Suddenly Wealthy: Financial Planning Tips for Managing a Sudden Inheritance or Windfall
A significant number of people who receive a large inheritance have little to show for it within several years. Unfortunately, most people are not prepared for the tremendous amount of emotional stress, the changing dynamics of personal relationships and the heightened complexities of financial management that accompanies being suddenly thrust into having wealth.
Sudden wealth can take an emotional toll.
There’s a vast number of conflicting emotions that can overwhelm those who suddenly acquire wealth. The newly wealthy often are suddenly overwhelmed with unsolicited advice and a multitude of potential investment opportunities and financial planning tips from friends and family. This can result in distrust and fear of the true motives for others, even for those within one’s inner circle. When receiving an inheritance, the loss of a loved one is already a potentially devastating event, but that coupled with possible feelings of paranoia, unworthiness and insecurity for not having earned the money is more than most people can handle. Young adults informed of being named beneficiary of a large trust may feel resentment toward their benefactor, given that they were kept in the dark about the money. If they’d known earlier, they may have made different life/career choices.
Even many business owners who sell their business are not immune to the emotional perils of a sudden influx of wealth, despite what might be years of financial planning and preparation. With a pile of cash in place of what was the business they built from the ground up and managed seven days a week, there’s often a sudden loss of identity and purpose in the months if not years after the business sale.
Here are some Planning to Wealth best practices that help people deal with this sort of challenging financial change:
1. Take a Time-Out. Resist the temptation to jump on immediate investment opportunities, quit your job or buy that expensive sailboat for at least six to nine months. Those purchases and investments would be emotional financial decisions, and financial management is always at its worst when emotions drive decisions. What you really need is time to gain some perspective and sort out the emotional stresses of a big inheritance or windfall. Take a vacation with your family to relax and clear your head. During this initial phase, it's probably best to keep your sudden wealth relatively quiet and to avoid making any sort of financial commitments to family and friends.
2. Investigate Potential Lifestyle Changes. As time passes, it’s best to start making a list of purchases and attaching dollar values to them and to start to investigate the viability of larger decisions. For example, this is the time to rent that sports car you’ve always dreamed of to see if it makes sense to buy it down the road. If you’re thinking of quitting your job and working in the nonprofit sector, it’s best to start by volunteering first.
3. Build Your Team. Finding the right mix of tax, legal, estate, risk management, and financial advisors can lay the right foundation for effectively managing your newfound wealth. The financial tax and legal implications of an inheritance/windfall are complex, and you need to be sure that you have a team of objective and skilled financial advisors with your best interests in mind. Investigate each financial planner’s background, expertise and approach to ensure that not only that they have the right skills but can provide you with the service you deserve. Preview the client experience by checking references and by having trial meetings with prospective advisors, and check to see if there is any disciplinary information on the advisor's regulatory body, like the state bar association for attorneys or the SEC's Investment Advisor Public Disclosure website for financial advisors. As you build your team, it’s important to also learn the basics of investing and financial management. This will help you have more substantive conversations with your financial advisor and help you successfully manage your wealth.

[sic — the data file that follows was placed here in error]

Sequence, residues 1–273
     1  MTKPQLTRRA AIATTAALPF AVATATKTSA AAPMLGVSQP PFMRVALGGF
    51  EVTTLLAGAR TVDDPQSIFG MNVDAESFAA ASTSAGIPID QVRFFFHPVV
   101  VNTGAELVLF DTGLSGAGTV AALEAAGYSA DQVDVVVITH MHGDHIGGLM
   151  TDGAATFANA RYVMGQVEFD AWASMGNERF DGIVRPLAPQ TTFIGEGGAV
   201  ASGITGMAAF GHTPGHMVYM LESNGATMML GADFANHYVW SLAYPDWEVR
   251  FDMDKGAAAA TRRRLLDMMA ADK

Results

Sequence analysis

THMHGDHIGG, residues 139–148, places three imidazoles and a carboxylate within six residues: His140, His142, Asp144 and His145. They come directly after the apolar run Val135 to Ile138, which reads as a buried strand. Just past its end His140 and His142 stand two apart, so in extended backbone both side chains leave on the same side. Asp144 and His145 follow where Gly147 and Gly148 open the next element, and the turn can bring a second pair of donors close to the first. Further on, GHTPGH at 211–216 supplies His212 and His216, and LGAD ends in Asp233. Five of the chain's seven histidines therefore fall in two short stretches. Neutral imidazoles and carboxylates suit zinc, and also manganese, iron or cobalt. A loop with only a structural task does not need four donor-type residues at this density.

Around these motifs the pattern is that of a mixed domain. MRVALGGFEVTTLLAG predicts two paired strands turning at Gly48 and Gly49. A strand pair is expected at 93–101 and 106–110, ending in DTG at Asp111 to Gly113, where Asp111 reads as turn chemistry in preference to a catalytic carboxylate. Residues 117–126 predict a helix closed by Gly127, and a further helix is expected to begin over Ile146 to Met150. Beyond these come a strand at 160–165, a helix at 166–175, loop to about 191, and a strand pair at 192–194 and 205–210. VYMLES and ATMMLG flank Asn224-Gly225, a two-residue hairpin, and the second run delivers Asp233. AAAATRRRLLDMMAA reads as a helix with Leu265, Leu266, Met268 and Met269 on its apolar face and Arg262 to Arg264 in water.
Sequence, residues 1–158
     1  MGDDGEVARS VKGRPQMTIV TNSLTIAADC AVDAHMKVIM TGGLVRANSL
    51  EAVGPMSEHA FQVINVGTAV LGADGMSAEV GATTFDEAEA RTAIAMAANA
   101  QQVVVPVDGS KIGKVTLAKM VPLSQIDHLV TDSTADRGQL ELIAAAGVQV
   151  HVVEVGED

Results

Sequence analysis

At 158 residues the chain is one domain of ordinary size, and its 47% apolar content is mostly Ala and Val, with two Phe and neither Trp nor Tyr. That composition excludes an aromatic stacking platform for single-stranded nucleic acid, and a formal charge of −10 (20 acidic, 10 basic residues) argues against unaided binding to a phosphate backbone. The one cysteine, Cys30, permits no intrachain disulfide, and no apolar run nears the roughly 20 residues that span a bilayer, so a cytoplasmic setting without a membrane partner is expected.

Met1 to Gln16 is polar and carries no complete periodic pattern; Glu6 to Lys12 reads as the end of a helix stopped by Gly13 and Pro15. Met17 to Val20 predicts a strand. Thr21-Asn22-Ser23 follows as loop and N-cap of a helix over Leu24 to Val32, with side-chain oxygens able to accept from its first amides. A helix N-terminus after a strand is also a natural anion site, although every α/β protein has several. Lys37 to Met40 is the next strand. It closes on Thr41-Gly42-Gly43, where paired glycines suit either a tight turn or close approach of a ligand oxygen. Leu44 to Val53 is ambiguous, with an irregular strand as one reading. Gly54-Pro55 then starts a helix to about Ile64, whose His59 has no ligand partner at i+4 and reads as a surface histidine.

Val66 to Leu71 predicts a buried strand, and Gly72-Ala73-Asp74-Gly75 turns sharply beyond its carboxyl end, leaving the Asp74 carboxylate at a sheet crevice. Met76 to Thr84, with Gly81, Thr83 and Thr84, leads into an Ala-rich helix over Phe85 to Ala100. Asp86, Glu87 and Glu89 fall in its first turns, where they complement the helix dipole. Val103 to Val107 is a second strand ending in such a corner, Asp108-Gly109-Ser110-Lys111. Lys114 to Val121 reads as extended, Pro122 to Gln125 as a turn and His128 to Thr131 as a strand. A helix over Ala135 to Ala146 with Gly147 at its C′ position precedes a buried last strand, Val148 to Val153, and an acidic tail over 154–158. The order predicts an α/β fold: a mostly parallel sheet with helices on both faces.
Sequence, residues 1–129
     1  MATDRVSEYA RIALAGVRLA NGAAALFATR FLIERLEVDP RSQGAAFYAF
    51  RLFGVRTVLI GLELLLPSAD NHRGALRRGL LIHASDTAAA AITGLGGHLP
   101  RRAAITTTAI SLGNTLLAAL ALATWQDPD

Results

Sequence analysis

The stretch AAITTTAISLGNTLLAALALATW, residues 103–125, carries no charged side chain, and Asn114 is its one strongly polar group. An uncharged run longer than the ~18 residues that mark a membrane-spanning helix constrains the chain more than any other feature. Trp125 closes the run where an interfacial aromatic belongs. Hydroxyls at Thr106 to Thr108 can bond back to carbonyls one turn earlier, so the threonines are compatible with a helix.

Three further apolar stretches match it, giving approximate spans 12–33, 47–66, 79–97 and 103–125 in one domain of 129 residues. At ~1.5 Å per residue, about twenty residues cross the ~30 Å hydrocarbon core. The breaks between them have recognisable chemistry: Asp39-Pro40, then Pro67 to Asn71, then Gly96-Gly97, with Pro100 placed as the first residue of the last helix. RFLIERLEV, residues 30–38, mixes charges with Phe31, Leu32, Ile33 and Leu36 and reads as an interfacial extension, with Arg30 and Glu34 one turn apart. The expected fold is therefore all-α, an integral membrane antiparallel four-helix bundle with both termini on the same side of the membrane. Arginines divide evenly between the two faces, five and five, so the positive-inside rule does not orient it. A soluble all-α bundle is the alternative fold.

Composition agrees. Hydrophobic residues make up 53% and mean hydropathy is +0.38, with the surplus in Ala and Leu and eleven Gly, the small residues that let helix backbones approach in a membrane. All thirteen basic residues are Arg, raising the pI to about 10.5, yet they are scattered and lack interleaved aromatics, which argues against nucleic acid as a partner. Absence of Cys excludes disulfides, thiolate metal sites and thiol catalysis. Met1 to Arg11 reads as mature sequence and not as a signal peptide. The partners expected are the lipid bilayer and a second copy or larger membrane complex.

4. Plan for the Future. With a team in place, it’s time to translate the windfall or inheritance into sustained lifelong wealth. The first part of the planning process is getting a clear understanding of what's important to you and what goals you'd like to accomplish with your newfound wealth. Once you've established these values and goals, you can work to set up a plan so that what you do with your money aligns with those goals and values going forward.
When financial planning for your inheritance, you’ll think through the answers with your advisors to important wealth management questions. Will you co-mingle your inheritance with your spouse’s assets? What will your asset allocation look like? How much will you afford to spend on a monthly basis? How do you ensure that your newfound wealth won’t negatively impact your children, family and friends? Answers to these key wealth management questions will put your inheritance financial planning on the path to success.
Overall, with proper financial planning for your inheritance and a thorough understanding of the potential pitfalls, receiving an inheritance or windfall can provide you and your family with sustained financial security and a bright future.
David Flores Wilson, CFP®, CFA, CDFA®, CCFC is a New York City-based CERTIFIED FINANCIAL PLANNER™ Practitioner & Wealth Advisor at Watts Capital. He can be reached at firstname.lastname@example.org.